Overall ratio between the engine revolutions (RPM) and that of the driven wheel. Final drive is determined by dividing the number of teeth on the ring gear by the number of teeth on the pinion gear.

The ratio between the number of rotations of a driveshaft to the number of rotations of the drive axles. Axle ratio is determined in gearing inside the differential.

Ratio between pinion and ring gears in the differential that multiplies torque provided by the engine. It describes the number of driveline revolutions required to turn the axle one time. With a 4.10:1 axle, the driveline turns 4.1 times for each full axle revolution. Higher numbers mean more torque and less road speed for a given engine speed; i.e., a 4.10:1 ratio provides more torque than a 3.73:1.

The final drive gear ratio created by the relationship between the ring and pinion gears and the rotation of the driveshaft. In a 4.10:1 axle ratio, for example, the driveshaft will rotate 4.1 times for each rotation of the axle shaft (wheel).

The number of driveline revolutions necessary to turn an axle one time. With a 4.63 to 1 ratio, the driveline turns 4.63 times for each axle revolution. Higher numbers indicate more torque and slower road speed for a given engine speed. For example, a 4.63 to 1 ratio generates more torque than a 3.90 to 1.

The number of times the driveshaft rotates to turn the axle shaft one rotation. For example, if the driveshaft gear had 10 teeth and the axle shaft gear had 30 teeth, the driveshaft gear would have to turn three times to turn the axle shaft gear once. This translates to a ratio of three-to-one (3:1).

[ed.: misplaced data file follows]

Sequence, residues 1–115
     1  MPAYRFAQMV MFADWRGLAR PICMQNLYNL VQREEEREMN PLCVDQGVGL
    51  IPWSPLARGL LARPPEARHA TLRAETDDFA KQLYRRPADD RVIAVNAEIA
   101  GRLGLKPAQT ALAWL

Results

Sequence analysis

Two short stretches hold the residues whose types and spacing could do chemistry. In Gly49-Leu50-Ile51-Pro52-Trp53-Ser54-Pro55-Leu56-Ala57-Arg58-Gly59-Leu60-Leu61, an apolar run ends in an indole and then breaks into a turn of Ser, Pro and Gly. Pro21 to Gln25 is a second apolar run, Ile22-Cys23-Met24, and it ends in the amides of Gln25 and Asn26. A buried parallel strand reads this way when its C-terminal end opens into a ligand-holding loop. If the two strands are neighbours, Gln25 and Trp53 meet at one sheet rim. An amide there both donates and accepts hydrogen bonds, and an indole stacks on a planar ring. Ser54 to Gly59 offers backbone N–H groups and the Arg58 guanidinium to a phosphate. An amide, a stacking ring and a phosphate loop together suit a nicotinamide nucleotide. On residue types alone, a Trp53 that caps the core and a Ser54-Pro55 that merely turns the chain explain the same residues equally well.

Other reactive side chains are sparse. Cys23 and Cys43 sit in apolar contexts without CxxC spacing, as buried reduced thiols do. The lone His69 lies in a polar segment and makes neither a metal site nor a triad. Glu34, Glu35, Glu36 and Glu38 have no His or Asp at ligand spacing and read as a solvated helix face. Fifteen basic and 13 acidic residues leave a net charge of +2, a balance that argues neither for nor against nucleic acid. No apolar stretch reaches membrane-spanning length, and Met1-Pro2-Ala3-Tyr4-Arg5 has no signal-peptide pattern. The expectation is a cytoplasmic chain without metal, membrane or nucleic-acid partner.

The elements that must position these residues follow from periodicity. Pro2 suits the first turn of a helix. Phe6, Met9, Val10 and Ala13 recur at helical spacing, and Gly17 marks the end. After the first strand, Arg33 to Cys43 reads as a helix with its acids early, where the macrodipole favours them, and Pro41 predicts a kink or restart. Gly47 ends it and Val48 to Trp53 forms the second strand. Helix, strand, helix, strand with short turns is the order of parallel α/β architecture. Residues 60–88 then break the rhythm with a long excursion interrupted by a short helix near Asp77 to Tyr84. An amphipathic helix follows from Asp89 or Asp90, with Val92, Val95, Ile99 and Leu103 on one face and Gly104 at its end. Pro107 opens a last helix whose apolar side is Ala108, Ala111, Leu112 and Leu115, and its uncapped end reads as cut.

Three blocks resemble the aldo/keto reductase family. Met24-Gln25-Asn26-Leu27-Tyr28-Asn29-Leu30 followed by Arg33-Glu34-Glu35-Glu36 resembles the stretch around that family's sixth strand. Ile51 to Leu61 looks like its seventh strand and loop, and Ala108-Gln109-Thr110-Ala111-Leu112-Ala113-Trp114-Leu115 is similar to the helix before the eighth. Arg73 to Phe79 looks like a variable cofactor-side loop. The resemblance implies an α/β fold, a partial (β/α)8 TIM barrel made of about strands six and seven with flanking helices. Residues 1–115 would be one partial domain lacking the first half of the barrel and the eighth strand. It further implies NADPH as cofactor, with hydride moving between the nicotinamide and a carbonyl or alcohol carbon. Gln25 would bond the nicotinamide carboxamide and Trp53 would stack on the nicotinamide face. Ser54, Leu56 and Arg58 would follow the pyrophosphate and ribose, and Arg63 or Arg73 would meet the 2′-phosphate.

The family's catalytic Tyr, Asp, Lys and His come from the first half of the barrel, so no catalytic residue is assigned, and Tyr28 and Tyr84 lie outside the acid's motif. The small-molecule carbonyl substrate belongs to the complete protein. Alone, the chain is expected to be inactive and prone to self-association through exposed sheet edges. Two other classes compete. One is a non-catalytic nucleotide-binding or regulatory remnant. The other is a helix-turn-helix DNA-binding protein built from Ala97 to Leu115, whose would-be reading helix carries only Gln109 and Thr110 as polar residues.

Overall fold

This is a number (3.07:1, 4.56:1, for example) expressing the ratio between driveshaft revolutions and wheel revolutions. A low numerical ratio allows the engine to work easier because it doesn't have to turn as fast. A high numerical ratio means that the engine has to turn more rpm's to move the wheels through the same number of turns.

The ratio between the pinion and ring gears in the differential that multiply the torque provided by the engine. It is the number of drive line revolutions required to turn the axle one time. For example, with a 4.10:1 axle the drive line turns 4.1 times for each full axle revolution. The higher the number, the more torque and thus more towing power. However, higher axle ration also mean less speed.

The number of times the drive shaft must turn to turn the axle one time. If you have a 3.73:1 axle ratio the drive shaft turns 3.73 times for each full turn of the axle. The higher the numeric value of the axle ratio the better the vehicle will tow, and the higher the numeric value the more gas you will use.

A number determined by dividing the tooth-count from the ring gear by the tooth-count of the pinion gear. A numerically "higher" result is a mechanically "lower" gear.(empty)

The relationship of revolutions of a tow vehicle's axle to that of its driveshaft or transaxle, e.g. 2.74:1.